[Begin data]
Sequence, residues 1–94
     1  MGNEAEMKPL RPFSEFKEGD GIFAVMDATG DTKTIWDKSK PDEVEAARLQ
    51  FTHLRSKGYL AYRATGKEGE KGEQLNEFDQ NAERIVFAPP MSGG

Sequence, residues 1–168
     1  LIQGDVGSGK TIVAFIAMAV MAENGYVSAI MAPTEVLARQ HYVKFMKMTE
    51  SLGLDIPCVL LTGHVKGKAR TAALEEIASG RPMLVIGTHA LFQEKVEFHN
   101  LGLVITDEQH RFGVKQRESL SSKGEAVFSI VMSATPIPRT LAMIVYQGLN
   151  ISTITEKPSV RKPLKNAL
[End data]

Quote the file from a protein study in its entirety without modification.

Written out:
Sequence, residues 1–94
     1  MGNEAEMKPL RPFSEFKEGD GIFAVMDATG DTKTIWDKSK PDEVEAARLQ
    51  FTHLRSKGYL AYRATGKEGE KGEQLNEFDQ NAERIVFAPP MSGG

Sequence, residues 1–168
     1  LIQGDVGSGK TIVAFIAMAV MAENGYVSAI MAPTEVLARQ HYVKFMKMTE
    51  SLGLDIPCVL LTGHVKGKAR TAALEEIASG RPMLVIGTHA LFQEKVEFHN
   101  LGLVITDEQH RFGVKQRESL SSKGEAVFSI VMSATPIPRT LAMIVYQGLN
   151  ISTITEKPSV RKPLKNAL